Tempura is another great example of a simple and sophisticated Japanese dish. Plump and juicy prawns wrapped with super crispy batter, unique Japanese vegetables such as shiso leaf, thinly sliced sweet kabocha pumpkin and purple sweet potato, renkon lotus roots and shiitake mushrooms coated with crispy batter. I am going to share my secret to make crispy Tempura at home!
What protein suits Tempura?
In Japan, the protein source used is usually seafood. I have never had meat tempura. Prawn is my favourite. If you are going to use prawn, my recommendation is to use ‘tiger prawn’. Other seafood often cooked are squid, scallops, and white fish such as sillaginoid or Japanese whiting.
How to prepare Prawn?
Presentation of the dish is important to some extent even for a home cooked dish. Making the prawn straight when you make deep fried prawn and Tempura prawn is a must. Because it makes the prawn splendid and glorious in size and appearance. Prawns usually shrink when cooked due to the heat, but there is a way to stop this. So, first of all, leave only the section of the shrimp tail and peel the shell from the tail side and devein. Then, score the belly side of prawn and snap prawn muscle with a finger as the photo indicates. Also, cut off the tip of the prawn tail to avoid the oil spurting while deep frying. I explained How to prepare a prawn in more detail in my Fried Shrimp post.
Vegetables for Tempura
Basically, certain vegetables contain a lot of moisture such as tomato and cucumber. So they do not suit tempura because, by the time the moisture evaporates, the batter will be burnt. So for that reason, starchy vegetables like sweet potato, kabocha pumpkin, Renkon lotus roots are good to deep fry with the batter. Green beans and Shishito pepper are also good too and they are my favourite.
How to prepare vegetables?
It is important to slice the starchy vegetables thinly at about 5mm (0.2 inch). This is so that it cooks in a relatively short period of time before the batter burns. I used the frozen Renkon and kabocha pumpkin. If you also use frozen vegetables, make sure to wipe the excess moisture from them after defrosting. Make sure to cut the stems off shiitake mushrooms. Shiitake mushroom stems are quite hard and chewy and not really edible.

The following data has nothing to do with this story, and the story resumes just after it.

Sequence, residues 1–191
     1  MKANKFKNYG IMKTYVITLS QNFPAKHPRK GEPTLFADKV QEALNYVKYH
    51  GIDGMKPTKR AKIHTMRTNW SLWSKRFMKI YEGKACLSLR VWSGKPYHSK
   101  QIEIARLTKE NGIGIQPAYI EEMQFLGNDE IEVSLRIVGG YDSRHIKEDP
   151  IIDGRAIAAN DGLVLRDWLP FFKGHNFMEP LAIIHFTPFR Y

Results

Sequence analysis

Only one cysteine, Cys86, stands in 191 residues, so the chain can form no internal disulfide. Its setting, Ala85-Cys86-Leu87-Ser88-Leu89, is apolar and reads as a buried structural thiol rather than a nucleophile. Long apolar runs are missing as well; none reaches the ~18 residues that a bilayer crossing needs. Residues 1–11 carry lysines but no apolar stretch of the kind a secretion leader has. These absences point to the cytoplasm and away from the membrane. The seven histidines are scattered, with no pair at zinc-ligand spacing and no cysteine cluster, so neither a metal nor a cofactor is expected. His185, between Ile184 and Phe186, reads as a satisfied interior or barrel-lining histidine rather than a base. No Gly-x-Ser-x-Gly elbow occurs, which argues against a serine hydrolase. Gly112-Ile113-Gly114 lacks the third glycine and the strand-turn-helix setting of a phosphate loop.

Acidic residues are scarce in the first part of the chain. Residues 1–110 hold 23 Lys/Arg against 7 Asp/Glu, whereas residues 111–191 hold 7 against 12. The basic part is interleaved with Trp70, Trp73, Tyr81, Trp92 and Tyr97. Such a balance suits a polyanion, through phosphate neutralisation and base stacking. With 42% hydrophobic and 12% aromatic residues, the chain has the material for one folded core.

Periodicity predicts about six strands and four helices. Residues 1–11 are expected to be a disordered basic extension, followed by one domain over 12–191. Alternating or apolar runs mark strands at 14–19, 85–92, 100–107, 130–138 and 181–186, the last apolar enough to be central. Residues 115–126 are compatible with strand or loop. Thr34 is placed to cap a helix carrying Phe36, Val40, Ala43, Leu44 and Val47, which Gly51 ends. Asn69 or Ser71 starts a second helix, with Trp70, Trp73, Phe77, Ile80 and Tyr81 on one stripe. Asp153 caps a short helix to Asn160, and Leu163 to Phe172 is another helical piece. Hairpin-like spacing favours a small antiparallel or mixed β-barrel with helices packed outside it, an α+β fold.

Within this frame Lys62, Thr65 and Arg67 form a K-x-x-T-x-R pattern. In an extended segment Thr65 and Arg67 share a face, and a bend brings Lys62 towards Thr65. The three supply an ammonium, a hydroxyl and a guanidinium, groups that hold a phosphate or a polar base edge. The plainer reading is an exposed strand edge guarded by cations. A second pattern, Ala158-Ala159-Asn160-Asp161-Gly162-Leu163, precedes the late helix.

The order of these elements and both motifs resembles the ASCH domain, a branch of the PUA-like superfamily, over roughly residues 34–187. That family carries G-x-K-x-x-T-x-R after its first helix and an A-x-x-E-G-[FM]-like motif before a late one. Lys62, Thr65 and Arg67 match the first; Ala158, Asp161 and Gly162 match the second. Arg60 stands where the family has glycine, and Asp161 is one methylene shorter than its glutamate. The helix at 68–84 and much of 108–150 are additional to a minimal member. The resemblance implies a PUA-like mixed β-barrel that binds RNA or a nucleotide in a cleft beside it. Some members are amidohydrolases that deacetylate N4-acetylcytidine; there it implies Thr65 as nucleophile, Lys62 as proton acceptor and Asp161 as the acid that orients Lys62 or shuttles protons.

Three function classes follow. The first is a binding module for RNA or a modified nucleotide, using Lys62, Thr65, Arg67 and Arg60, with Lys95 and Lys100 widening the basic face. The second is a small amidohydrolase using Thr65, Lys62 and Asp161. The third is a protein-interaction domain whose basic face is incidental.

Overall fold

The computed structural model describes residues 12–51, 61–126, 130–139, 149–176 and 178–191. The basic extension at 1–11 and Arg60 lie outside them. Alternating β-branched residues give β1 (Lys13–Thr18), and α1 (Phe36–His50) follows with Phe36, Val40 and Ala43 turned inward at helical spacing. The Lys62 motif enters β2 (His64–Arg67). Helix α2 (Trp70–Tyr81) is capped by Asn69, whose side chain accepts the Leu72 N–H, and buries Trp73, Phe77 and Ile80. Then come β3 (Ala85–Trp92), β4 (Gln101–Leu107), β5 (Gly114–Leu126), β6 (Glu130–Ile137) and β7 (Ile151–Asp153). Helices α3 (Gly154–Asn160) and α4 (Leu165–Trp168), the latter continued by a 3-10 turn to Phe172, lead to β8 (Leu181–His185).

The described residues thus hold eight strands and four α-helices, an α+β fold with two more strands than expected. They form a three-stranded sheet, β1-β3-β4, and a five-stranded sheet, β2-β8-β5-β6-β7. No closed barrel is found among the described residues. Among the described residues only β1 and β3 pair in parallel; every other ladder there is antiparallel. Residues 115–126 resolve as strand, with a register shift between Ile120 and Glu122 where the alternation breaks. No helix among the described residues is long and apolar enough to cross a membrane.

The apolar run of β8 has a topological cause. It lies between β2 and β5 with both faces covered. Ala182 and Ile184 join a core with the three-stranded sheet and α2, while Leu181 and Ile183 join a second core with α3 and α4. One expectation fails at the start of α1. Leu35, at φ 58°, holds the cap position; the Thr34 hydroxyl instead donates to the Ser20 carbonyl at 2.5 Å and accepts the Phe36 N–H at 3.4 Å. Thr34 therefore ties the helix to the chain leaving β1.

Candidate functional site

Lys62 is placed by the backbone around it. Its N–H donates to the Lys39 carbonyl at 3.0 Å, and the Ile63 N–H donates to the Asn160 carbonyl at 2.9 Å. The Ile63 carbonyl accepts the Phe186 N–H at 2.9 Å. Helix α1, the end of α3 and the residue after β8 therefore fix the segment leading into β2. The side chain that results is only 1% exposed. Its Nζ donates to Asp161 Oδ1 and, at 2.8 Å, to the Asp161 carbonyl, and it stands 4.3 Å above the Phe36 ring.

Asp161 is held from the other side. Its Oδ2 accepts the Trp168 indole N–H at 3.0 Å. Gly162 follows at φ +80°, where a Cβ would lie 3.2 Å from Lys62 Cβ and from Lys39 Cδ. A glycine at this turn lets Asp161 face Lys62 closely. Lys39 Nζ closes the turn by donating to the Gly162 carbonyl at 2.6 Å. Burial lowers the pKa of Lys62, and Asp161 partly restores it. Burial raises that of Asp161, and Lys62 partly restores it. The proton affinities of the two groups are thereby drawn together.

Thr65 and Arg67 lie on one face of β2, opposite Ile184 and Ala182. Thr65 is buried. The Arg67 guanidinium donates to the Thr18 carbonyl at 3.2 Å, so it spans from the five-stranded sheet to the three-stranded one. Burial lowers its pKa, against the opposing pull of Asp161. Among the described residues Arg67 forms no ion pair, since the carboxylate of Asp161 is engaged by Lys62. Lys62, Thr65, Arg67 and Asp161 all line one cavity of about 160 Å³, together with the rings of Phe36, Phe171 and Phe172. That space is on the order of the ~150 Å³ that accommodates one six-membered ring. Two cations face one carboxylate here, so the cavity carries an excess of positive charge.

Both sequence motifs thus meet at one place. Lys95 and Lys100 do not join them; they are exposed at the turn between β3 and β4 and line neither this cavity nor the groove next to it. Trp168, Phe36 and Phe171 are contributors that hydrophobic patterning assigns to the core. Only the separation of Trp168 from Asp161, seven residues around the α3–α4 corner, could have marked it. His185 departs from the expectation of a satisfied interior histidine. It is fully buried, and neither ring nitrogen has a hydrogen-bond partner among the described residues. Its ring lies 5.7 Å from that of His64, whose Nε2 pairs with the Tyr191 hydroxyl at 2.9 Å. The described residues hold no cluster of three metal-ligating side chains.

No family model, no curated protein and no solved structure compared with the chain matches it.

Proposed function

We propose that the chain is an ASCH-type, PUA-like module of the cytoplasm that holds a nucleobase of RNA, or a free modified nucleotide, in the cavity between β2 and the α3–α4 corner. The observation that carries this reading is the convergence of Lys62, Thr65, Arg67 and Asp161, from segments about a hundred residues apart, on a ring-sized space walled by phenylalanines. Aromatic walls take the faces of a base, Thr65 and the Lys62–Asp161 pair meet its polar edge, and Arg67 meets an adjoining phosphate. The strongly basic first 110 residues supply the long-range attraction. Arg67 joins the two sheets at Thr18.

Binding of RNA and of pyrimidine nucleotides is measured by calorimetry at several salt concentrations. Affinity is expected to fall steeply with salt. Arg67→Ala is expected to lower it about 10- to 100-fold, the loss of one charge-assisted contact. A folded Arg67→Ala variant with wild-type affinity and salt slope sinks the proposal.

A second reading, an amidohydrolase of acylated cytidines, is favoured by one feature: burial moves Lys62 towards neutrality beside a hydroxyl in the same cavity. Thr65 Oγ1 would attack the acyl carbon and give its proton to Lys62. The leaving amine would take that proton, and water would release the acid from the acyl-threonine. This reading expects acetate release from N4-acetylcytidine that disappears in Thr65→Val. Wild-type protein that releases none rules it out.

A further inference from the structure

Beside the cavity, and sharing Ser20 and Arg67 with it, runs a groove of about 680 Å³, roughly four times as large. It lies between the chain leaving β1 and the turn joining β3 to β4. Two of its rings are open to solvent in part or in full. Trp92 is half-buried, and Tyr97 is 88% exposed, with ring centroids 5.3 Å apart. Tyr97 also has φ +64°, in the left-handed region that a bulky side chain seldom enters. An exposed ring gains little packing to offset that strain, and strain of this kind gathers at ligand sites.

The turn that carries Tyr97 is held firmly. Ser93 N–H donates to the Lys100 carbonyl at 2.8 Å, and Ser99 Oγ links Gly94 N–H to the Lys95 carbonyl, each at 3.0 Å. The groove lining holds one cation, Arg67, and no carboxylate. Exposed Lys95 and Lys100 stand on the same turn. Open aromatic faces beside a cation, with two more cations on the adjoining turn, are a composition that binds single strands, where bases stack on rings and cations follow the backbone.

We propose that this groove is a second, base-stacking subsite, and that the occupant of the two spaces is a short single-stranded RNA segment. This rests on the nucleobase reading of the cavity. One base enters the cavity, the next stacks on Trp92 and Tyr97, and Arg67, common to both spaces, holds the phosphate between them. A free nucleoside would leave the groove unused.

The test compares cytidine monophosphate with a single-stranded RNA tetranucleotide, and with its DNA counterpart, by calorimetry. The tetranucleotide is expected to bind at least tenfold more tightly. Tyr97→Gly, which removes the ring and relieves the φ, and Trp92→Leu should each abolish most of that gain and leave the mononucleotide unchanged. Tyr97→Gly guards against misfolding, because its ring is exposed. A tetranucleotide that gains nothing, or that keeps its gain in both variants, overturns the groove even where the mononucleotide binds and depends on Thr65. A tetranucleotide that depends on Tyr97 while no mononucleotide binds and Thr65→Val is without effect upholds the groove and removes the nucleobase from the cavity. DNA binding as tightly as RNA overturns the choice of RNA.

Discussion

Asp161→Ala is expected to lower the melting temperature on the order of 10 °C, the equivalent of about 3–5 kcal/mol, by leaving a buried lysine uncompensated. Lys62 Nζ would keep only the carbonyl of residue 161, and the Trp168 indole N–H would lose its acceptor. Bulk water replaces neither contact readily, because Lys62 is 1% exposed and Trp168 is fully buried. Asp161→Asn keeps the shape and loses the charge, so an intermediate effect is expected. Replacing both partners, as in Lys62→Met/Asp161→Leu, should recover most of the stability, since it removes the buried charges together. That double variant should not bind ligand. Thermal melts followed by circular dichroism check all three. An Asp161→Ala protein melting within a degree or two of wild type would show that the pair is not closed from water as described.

Tempura batter secret ingredient
Tempura isn’t that hard to make yourself but it can be a bit difficult to make it as well as they do at restaurants, which is understandable since it’s their job to make food that good. But the homemade version is still super delicious and will be a big hit at your next party! I used Japanese mayonnaise as a special little ingredient to make sure the batter stays crispy and fresh.
Why Japanese mayonnaise?
Eggs are usually used to make batter but this often makes the tempura very oily and soggy. However, by using mayonnaise instead of egg, the emulsified oil from the mayo disperses into the batter which doesn’t leave any moisture in the batter so the tempura stays deliciously crispy! If you want to know more of the science behind it you can visit the Kewpie website, (In Japanese language).
How to serve and eat Tempura?
Have you heard of a dipping sauce called Tentsuyu? Restaurants used this sauce to accompany tempura. Tentsuyu is a mix of dashi, soy sauce and mirin. It is subtly sweet with Umami flavour from dashi and really suitable for eating with Tempura. Furthermore, Matcha and yuzu salts are usually served with tempura. My favourite way is dipping into Tentsuyu.
How to make Tentsuyu?
I could not make a blog post on tempura without including the recipe for this dipping sauce as well. So below you will find the recipe for Tentsuyu. This is my daughter’s absolute favourite sauce ever, she drenches her tempura in it because she just loves the flavour so much. It’s a really tasty and sort of sweet sauce that goes perfectly with tempura.